I lost my wife to it, through washing my clothes. She couldn’t breathe in the end. She was in and out of hospital for three years and tried to fight it. She went from being 12 stone to a frail old woman of maybe five stone.”

End QuoteEddie HarveyFormer Harland and Wolff worker

‘Couldn’t breathe’

Mr Harvey urged anyone who has been affected by asbestos in the shipyard to claim against the Stormont Executive.

“I lost my wife to it, through washing my clothes. She couldn’t breathe in the end. She was in and out of hospital for three years and tried to fight it. She went from being 12 stone to a frail old woman of maybe five stone.

“Anyone who has it, make no mistake, they should go and claim because the government says the money is there.

“Don’t be afraid to. The government is not going to give you money if you are not entitled to it.”

The Department of Enterprise (DETI) at Stormont estimates it will pay out another £89m for claims by people who have yet to be diagnosed with asbestos-related diseases. It expects the claims to continue up until 2040 – some 50 years after the government sold the shipyard into private ownership.

After the privatisation DETI retained control of Harland and Wolff PLC, which includes the liabilities for asbestos-related diseases contracted by former workers.

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£150m in shipyard asbestos claims

Asbestos report order to schools

Uses of Asbestos

BBC News – Cwmcarn asbestos: Report order to all Welsh schools

Mr Andrews said it was well known that many schools in Wales built between the 1950s and 1980s contained asbestos


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All schools in Wales must deliver reports on their asbestos levels by next week, Education Minister Leighton Andrews has announced.

Mr Andrews made the decision after Cwmcarn High School in Caerphilly county closed unexpectedly because of asbestos concerns last Friday.

He called the situation at Cwmcarn difficult and said councils had clear legal duties to do annual surveys.

He also announced that Cwmcarn will partially reopen on Friday.

Mr Andrews said it was well known that many schools in Wales built between the 1950s and 1980s contained asbestos.


Start Quote

The health and safety of staff is of paramount importance”

End QuoteLeighton Andrews AMEducation Minister

However, asbestos did not pose a health threat if it undisturbed.

There was cross-party backing for the swift action taken by Caerphilly council to close the school once the risk was identified last Friday.

Opposition parties also called for the register of asbestos in school to be made public and a plan put in place to minimise the risk to pupils and staff.

“The health and safety of staff is of paramount importance,” said Mr Andrews.

Risk assessment

“Public Health Wales is providing a health-based risk assessment. The authority is looking at a number of options to accommodate pupils as a priority.

“There are contingency arrangements being put in place to secure the education for those young people,” Mr Andrews added.

The council said in a statement: “We are delighted to inform parents that Year 12 and 13 will be able to return to the school site on Friday and should report to the Performing Arts centre at 8.30am.


Start Quote

When a school of 900 pupils has had to close because asbestos was found in airborne particles, I think that people across Wales have a right to know if asbestos is a danger in their local school”

End QuoteKirsty Williams AMWelsh Liberal Democrat leader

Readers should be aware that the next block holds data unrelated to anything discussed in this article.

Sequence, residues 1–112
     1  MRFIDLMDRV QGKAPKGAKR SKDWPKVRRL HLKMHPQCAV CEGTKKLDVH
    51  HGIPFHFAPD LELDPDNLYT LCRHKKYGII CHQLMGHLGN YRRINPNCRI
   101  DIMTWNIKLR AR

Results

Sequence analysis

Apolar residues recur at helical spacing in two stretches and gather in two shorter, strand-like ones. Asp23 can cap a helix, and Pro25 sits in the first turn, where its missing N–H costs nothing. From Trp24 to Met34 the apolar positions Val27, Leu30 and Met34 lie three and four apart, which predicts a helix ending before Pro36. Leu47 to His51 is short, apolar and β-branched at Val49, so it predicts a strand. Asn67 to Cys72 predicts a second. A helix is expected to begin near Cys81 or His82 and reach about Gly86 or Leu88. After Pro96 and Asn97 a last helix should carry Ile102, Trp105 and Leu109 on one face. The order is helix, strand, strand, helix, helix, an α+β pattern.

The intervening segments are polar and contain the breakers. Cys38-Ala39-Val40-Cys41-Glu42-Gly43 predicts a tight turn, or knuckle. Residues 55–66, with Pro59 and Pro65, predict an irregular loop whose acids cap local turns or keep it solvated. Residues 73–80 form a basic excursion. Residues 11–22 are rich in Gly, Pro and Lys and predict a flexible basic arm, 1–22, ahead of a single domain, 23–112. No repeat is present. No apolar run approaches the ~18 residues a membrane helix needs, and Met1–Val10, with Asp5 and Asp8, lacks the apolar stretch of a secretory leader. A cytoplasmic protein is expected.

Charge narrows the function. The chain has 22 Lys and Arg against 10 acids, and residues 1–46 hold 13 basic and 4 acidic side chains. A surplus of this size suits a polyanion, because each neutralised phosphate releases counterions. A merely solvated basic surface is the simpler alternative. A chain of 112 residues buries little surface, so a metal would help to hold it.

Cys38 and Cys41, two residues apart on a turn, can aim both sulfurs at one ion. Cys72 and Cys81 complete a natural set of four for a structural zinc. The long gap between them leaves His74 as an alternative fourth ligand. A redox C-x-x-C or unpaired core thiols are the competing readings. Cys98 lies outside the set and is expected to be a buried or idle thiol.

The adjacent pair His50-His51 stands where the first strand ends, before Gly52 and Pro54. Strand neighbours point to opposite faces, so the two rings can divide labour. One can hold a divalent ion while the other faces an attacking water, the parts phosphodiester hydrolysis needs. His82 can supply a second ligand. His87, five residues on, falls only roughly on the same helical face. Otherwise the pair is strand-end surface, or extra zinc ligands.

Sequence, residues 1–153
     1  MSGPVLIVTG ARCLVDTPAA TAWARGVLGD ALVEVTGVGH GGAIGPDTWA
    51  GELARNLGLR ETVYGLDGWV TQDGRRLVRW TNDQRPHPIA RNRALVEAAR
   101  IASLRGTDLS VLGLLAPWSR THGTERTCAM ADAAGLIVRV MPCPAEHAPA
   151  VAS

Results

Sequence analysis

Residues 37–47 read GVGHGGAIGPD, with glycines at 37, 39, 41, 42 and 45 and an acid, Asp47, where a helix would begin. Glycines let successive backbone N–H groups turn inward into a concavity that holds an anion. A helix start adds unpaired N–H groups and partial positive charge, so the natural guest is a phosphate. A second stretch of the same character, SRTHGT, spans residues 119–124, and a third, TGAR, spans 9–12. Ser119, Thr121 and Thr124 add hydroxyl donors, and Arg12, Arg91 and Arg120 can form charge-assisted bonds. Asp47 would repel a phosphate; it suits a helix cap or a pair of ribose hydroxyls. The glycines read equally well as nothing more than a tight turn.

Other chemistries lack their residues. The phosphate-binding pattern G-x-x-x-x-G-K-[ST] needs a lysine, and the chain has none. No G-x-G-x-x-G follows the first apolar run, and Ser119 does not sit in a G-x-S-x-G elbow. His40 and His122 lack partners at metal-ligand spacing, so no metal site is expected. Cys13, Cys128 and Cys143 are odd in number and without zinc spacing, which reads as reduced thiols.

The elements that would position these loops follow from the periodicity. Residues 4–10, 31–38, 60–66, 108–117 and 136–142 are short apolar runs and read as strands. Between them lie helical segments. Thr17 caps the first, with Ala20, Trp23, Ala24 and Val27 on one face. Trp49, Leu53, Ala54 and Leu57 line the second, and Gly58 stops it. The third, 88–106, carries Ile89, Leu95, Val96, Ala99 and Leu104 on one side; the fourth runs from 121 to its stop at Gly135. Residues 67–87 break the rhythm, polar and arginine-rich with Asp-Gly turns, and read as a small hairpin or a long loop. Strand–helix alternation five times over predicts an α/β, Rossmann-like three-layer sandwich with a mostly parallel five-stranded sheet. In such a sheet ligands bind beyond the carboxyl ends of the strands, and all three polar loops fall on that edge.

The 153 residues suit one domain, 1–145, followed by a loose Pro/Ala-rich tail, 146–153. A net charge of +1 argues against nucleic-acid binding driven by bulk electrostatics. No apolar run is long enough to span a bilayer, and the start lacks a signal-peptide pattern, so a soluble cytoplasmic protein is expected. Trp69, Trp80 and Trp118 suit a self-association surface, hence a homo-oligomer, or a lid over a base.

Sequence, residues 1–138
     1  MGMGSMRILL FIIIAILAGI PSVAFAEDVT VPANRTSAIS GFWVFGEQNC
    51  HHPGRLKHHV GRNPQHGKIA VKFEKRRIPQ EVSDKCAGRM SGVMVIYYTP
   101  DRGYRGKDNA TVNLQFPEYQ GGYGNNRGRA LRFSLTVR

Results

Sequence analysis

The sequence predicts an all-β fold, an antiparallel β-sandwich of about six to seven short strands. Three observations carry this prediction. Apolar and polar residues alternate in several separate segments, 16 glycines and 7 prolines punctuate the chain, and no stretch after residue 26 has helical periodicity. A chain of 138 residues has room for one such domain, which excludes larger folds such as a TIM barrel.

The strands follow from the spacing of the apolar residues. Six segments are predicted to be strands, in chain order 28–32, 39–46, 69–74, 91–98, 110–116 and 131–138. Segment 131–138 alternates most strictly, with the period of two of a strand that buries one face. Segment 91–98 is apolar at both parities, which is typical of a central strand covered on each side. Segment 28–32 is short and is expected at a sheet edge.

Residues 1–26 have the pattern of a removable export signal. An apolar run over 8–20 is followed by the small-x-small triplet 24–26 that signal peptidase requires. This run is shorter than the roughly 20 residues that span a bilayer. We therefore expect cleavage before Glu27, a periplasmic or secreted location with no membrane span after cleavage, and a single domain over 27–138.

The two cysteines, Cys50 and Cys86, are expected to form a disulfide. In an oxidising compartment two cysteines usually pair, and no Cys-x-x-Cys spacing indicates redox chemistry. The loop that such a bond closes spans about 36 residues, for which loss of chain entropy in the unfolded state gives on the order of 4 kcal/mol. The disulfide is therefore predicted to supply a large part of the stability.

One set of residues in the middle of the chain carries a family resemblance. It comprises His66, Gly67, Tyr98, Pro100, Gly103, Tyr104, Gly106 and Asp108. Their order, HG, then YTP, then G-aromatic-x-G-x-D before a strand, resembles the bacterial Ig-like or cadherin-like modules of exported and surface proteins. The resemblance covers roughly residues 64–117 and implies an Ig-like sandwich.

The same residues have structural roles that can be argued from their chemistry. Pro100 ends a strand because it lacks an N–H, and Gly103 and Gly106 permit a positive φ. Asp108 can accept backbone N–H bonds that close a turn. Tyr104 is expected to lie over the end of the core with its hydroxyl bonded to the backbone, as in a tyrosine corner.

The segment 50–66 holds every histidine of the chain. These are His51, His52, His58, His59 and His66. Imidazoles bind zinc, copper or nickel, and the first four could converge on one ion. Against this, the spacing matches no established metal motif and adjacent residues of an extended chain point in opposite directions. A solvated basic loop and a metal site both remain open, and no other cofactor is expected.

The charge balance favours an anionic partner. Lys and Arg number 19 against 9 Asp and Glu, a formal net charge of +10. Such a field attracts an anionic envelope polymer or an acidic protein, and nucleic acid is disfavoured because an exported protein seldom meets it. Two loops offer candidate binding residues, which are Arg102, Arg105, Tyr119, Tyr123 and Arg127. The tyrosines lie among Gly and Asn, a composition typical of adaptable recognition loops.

“This newest part of the school is available for use and is separate from the rest of the school buildings.

“We will also accommodate Year 11 pupils at the site from Monday 22 October and they should also report to the Performing Arts centre at 8.30am.”

It was a “difficult decision” to close the school and a “range of options” were being investigated for the other age groups.

Earlier, a teaching union said it asked the Health and Safety Executive (HSE) to investigate the discovery of asbestos at Cwmcarn.

The 900-pupil school was shut late on Friday after a structural report identified the material.

Geraint Davies of NASUWT Cymru said he wanted the HSE to confirm that correct procedures are adhered to.

The HSE said it was looking to whether there are grounds for a full investigation.

Mr Davies told BBC Wales on Tuesday: “In simple terms this is a health and safety matter and the Health And Safety Executive provides independent advice on such matters.

“In view of the seriousness of what has happened at Cwmcarn it’s only fair to all concerned, be it teachers and ancillary staff, parents and pupils and indeed the council itself, for such independent advice to be available.”

An HSE spokesman confirmed: “We are looking into the issue of asbestos at the school. We have to see whether there are grounds for a full investigation.”

NASUWT spokesman Rex Phillips had earlier raised safety concerns, saying high levels of the material had been found throughout the building.

Airborne particles

He said staff and pupils at the school could have been exposed to airborne asbestos.

Mr Phillips said the problem was found when a company visited the school to carry out a survey on a boiler room.

He said the asbestos was found to be in airborne particles, with two-thirds of the school “inoperable”.

Earlier, Welsh Liberal Democrat leader Kirsty Williams called on the Welsh government to conduct a national audit of asbestos in schools.

“When a school of 900 pupils has had to close because asbestos was found in airborne particles, I think that people across Wales have a right to know if asbestos is a danger in their local school,” she said.

Pupils at the school have been given work to do at home via social networking sites such as Twitter.

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Asbestos report order to schools